Associate lighting designer Vivien Leone has spent many years lending her creative eye to an impressive roster of award-winning productions, including the recently opened Caroline, or Change! on Broadway. We caught up with Leone to find out more about her unique position and what it takes to be such an asset to the professional theatre community.

MSD: What role do you usually play on a production?

VL: I started out as an assistant, a job that varies from designer to designer. It basically involves whatever the designer needs to be able to stay focused on the design. For about the last ten years, I've been more often an associate designer, which is a little bit more an extension of the designer with some more autonomy. I'm essentially there to problem-solve for the designer without having to be told exactly how to solve the problem.

MSD: Do you have different responsibilities, depending on the designer with whom you're working?

VL: I do a lot of shows that come from overseas, so I have to deal with many designers who are not in the country. Take the situation of working on La Boheme with lighting designer Nigel Levings from Australia. Because of the extreme time difference, I tended to do a lot more in pre-production, especially since the director and the set designer were here in New York, and the designer was across the world.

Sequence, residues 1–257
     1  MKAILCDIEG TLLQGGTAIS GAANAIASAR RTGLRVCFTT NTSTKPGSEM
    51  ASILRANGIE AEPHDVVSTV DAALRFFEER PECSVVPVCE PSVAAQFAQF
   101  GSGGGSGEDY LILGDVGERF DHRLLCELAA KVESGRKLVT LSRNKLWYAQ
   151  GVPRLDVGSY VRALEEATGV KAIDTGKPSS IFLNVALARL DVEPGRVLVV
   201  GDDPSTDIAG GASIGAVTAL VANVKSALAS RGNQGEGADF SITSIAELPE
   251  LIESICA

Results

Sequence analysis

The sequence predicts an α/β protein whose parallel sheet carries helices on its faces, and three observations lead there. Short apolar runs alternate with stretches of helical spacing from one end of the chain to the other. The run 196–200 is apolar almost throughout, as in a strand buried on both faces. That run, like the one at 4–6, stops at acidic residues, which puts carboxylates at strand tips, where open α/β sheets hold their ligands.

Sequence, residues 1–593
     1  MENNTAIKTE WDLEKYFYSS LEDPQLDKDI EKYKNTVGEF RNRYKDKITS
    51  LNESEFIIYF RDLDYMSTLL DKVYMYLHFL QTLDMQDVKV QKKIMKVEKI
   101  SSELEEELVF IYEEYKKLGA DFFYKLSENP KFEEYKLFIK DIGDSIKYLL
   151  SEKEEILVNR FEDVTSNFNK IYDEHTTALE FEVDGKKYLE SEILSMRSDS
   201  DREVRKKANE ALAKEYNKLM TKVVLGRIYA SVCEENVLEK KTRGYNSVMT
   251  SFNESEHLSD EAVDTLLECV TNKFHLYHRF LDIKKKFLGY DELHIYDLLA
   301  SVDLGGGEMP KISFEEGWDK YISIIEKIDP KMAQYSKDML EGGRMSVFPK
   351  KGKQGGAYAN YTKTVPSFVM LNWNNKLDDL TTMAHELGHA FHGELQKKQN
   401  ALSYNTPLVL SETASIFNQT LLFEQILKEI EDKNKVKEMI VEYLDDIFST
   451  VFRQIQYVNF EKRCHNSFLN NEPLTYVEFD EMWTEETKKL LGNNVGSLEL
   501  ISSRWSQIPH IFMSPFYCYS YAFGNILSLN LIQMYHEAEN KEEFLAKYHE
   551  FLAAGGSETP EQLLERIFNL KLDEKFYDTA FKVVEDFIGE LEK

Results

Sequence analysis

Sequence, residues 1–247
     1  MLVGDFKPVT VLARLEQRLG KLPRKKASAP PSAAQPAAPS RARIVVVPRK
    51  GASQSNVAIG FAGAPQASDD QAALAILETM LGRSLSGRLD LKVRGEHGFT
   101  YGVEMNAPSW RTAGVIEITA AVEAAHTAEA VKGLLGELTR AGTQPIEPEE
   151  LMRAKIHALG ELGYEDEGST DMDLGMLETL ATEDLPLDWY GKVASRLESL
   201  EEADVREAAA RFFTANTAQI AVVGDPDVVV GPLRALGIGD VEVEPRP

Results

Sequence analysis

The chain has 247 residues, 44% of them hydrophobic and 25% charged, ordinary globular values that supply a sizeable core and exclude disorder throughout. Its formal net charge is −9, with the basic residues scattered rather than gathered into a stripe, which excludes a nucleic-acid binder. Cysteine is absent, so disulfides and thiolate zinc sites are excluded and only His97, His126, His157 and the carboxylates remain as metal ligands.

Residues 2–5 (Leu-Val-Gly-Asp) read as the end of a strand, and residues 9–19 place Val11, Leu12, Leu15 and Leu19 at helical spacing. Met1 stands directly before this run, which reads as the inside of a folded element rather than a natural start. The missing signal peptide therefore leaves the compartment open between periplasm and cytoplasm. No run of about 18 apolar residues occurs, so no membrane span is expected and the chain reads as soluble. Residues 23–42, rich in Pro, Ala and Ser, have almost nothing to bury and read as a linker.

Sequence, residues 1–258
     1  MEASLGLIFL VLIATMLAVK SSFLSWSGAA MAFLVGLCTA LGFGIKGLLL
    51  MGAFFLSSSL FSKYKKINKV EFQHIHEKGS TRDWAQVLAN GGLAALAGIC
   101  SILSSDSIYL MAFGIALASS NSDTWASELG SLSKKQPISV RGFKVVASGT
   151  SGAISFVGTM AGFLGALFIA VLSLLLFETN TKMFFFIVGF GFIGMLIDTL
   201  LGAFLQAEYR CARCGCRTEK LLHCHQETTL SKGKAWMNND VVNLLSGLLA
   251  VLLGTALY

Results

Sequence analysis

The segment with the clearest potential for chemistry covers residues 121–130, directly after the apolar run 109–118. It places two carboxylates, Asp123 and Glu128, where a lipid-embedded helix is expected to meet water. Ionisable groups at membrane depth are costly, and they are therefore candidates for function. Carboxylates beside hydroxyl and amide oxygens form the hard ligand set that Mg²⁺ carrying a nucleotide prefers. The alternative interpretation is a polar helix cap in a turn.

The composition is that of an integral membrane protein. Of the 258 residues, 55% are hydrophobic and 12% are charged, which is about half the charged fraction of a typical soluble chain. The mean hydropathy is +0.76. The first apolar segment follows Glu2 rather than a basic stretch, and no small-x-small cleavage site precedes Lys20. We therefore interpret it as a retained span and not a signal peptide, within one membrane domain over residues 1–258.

Things happen rapidly, so you need to have clear understanding of what the designer needs but also the autonomy to be able to keep the shop moving forward. Every designer really has different needs, and my job is to facilitate the details so he or she can keep a clear mind on the design. That involves a lot of interaction and coordination of schedules and pre-production, both in the shop and once we're in the theatre.

MSD: What does “paperwork” entail these days, and who generates it and takes care of it all?

VL: Pretty much everything is recorded so it gets into the theatre properly — and then again once it's in the theatre so that it can be maintained — including the conventional lighting rig, the followspots, the moving lights…everything. The point of paperwork is to communicate all this information. This is very useful, especially when you want to distill the design for a touring production.

Starting with a light plot, instrument schedule, and channel hookup, I normally handle all these pre-production issues because it makes me familiar with the show so I can quickly get things accomplished. On Broadway, time is money. Being intimately familiar with certain elements of the design, why things are where they are, and how they interact with the scenery and other physical objects on stage helps to expedite the process.

MSD: How early in the process do you join the team?

VL: When working for designers with whom I have a long-term relationship, I start when they start. In situations where a show is transferring to Broadway from another venue in which I was not involved, I tend to start about the time it hits the shops.